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Figure 2: A statistical parametric map (SPM) rendered into standard stereotactic space. A comparison of fallacy trials versus non-fallacy trials (F_NF) results in activation in left inferior frontal gyrus/insula (MNI: −39, 15, 9; T = 4.81) (BA 45/13), left middle temporal gyrus (MNI: −66, −39, −6; T = 5.21) (BA 21/22), left medial frontal gyrus (MNI: −3, 36, 48; T = 4.60) (BA 8), and right superior frontal gyrus (MNI: 3, 33, 48; T = 5.23) (BA 8) [also see the main effect of (F–NF) in Table 2]. Condition specific parameter (beta) estimates show that the left fronto-temporal system and bilateral mesial frontal gyrus are specifically responding to fallacy trials in both implicit and explicit conditions. The error bars represent the SEM. The activations reported survived an uncorrected voxel-level intensity threshold of p < 0.001 with a minimum cluster size of 10 contiguous voxels, which corresponds to a corrected p < 0.05 (using the AlphaSim program as described in Section Materials and Methods).

Mentions: The main effect of response (Table 2), derived from comparisons of trials with fallacious and non-fallacious responses (F–NF), revealed activation of bilateral superior/medial frontal gyrus (BA 8), left inferior frontal gyrus/insula (BA45, 13), and left middle temporal gyrus (BA 21, 22) in the fallacy trials (Table 2; Figure 2). The reverse comparison, of the main effect of response, non-fallacious versus fallacious trials (NF–F), revealed no significant activations.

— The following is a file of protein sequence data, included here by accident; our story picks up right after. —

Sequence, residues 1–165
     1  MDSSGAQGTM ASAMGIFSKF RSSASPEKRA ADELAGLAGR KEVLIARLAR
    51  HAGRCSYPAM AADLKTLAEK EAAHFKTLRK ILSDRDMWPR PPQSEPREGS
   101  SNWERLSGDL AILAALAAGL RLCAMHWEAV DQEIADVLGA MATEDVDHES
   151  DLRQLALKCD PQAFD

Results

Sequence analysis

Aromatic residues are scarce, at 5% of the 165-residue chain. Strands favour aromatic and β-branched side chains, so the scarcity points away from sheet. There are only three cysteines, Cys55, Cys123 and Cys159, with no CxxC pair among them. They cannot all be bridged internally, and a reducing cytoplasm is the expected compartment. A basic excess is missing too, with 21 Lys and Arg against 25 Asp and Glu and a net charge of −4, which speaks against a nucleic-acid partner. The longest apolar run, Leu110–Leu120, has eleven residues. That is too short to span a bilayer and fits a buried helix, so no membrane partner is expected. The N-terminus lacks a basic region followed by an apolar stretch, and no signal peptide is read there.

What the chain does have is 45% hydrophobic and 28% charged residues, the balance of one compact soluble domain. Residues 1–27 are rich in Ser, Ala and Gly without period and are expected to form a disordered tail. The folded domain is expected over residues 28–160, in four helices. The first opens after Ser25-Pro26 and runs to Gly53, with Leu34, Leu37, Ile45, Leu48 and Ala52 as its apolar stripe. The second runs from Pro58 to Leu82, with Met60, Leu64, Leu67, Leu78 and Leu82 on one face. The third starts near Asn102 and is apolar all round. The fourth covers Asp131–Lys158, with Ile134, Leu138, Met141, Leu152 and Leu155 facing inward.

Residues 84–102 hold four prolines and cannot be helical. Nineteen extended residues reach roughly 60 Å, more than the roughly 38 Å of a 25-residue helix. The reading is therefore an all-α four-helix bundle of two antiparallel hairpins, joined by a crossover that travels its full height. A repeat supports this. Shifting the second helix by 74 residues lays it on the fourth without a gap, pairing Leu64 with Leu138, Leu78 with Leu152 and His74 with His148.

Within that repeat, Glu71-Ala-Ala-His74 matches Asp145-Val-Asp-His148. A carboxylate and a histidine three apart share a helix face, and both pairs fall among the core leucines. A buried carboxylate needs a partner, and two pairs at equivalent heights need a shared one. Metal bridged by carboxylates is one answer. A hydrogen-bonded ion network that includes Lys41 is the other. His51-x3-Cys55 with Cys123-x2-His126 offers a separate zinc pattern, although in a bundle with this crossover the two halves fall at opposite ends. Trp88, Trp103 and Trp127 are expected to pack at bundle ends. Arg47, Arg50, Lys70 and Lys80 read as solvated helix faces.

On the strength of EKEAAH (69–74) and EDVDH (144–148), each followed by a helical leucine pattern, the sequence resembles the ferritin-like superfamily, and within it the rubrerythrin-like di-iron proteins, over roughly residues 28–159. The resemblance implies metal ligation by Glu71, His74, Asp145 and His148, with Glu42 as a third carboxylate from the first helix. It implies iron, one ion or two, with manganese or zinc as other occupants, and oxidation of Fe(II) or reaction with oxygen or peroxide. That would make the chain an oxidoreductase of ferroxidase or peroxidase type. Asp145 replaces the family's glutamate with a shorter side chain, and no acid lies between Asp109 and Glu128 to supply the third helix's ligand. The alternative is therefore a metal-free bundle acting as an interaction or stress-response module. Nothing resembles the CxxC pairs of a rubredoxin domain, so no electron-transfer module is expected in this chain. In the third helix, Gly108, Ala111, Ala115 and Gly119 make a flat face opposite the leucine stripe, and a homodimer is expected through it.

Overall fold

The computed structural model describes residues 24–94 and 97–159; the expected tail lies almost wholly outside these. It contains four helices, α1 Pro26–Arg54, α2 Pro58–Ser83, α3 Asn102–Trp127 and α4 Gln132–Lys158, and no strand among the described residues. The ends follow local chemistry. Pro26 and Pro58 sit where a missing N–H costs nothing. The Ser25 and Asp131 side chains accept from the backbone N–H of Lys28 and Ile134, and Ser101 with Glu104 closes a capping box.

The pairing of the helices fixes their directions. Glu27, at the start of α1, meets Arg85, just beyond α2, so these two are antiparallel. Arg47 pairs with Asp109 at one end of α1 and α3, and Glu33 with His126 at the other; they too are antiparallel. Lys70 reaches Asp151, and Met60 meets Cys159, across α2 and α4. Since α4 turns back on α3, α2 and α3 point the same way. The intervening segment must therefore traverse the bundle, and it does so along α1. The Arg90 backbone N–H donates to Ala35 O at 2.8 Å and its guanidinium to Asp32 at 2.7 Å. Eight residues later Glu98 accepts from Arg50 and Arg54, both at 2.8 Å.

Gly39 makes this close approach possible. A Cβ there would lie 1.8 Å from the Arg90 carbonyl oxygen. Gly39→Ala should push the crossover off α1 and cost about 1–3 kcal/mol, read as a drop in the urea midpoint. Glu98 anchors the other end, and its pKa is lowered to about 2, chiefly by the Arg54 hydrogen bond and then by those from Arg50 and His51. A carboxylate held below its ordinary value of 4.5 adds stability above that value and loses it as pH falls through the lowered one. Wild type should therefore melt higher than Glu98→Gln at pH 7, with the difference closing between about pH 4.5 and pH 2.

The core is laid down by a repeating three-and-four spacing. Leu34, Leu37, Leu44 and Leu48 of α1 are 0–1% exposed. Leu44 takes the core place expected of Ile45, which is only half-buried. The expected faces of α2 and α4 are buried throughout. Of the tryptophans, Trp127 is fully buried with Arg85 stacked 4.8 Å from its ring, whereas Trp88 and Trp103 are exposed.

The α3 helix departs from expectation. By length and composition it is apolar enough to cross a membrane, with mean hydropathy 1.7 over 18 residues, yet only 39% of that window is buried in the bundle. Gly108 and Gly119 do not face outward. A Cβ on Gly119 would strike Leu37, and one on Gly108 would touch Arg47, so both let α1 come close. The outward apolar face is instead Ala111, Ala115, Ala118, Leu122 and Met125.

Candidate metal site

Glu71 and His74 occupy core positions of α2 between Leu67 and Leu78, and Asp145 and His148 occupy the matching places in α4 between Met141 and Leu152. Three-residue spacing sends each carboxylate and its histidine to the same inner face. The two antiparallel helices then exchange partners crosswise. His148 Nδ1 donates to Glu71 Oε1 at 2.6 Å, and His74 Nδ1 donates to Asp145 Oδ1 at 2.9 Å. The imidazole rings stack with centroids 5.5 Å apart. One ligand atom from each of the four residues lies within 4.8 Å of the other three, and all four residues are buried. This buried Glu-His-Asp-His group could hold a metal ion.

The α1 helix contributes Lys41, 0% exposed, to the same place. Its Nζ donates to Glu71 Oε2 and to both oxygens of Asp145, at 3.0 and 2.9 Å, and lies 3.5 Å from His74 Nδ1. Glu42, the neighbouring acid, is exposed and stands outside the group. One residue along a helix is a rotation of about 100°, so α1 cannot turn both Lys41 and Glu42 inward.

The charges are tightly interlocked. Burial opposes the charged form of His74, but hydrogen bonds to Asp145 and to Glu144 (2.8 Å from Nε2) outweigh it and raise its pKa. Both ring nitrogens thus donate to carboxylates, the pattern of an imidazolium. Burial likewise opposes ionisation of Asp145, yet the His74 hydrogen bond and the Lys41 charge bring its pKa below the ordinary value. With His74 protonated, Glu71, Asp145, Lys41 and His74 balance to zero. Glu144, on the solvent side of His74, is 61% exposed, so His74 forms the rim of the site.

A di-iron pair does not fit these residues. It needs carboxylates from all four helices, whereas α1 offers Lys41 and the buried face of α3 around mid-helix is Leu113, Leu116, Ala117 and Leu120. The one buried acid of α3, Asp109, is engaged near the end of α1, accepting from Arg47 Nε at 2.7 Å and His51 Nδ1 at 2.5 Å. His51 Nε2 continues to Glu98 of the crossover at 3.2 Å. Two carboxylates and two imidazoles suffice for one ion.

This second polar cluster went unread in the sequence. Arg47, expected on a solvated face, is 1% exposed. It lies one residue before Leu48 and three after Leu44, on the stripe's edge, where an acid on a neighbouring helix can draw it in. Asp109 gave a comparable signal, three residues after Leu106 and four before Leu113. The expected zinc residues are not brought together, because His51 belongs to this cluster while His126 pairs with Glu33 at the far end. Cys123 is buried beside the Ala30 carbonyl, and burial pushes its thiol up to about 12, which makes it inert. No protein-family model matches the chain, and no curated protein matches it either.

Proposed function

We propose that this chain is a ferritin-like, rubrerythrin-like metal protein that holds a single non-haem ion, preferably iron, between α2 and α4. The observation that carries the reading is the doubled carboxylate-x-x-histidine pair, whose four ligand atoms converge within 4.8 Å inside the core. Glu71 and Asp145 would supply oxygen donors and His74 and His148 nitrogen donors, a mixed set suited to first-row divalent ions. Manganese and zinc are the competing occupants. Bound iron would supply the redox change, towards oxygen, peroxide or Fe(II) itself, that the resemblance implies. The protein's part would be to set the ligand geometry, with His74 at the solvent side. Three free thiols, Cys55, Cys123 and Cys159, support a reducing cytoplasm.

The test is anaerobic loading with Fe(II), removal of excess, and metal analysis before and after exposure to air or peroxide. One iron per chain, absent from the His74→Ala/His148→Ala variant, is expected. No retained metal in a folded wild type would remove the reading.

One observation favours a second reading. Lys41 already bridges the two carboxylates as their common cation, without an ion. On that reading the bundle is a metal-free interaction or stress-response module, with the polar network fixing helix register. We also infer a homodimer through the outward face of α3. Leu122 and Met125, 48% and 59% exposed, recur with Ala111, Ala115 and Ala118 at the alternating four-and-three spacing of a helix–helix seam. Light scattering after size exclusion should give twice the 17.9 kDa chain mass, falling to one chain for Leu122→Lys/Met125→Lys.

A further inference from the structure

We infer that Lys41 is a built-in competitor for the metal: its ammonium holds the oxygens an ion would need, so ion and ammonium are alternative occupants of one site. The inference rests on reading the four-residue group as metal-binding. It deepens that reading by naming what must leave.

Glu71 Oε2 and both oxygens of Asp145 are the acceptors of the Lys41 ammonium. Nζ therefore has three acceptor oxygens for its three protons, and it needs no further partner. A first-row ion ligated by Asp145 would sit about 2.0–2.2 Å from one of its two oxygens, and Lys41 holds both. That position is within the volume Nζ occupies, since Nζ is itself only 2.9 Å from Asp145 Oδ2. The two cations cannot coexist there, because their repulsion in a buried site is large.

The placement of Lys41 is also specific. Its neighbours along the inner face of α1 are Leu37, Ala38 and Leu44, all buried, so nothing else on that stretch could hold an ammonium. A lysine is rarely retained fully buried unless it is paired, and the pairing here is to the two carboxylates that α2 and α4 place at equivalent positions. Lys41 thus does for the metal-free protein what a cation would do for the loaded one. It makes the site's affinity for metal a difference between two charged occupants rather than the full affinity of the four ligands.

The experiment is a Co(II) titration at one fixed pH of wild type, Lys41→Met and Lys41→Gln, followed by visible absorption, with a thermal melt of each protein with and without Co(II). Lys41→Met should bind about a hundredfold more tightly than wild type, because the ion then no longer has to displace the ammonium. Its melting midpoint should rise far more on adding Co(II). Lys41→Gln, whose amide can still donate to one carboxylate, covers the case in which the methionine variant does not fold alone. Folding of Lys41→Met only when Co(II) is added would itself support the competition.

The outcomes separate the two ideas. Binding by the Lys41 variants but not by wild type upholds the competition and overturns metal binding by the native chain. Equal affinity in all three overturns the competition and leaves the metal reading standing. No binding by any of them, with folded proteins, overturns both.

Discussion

Different neural systems contribute to semantic bias and conflict detection in the inclusion fallacy task.

Liang P, Goel V, Jia X, Li K - Front Hum Neurosci (2014)

A statistical parametric map (SPM) rendered into standard stereotactic space. A comparison of fallacy trials versus non-fallacy trials (F_NF) results in activation in left inferior frontal gyrus/insula (MNI: −39, 15, 9; T = 4.81) (BA 45/13), left middle temporal gyrus (MNI: −66, −39, −6; T = 5.21) (BA 21/22), left medial frontal gyrus (MNI: −3, 36, 48; T = 4.60) (BA 8), and right superior frontal gyrus (MNI: 3, 33, 48; T = 5.23) (BA 8) [also see the main effect of (F–NF) in Table 2]. Condition specific parameter (beta) estimates show that the left fronto-temporal system and bilateral mesial frontal gyrus are specifically responding to fallacy trials in both implicit and explicit conditions. The error bars represent the SEM. The activations reported survived an uncorrected voxel-level intensity threshold of p < 0.001 with a minimum cluster size of 10 contiguous voxels, which corresponds to a corrected p < 0.05 (using the AlphaSim program as described in Section Materials and Methods).
© Copyright Policy - open-access
Related In: Results  -  Collection

License
Show All Figures
getmorefigures.php?uid=PMC4202773&req=5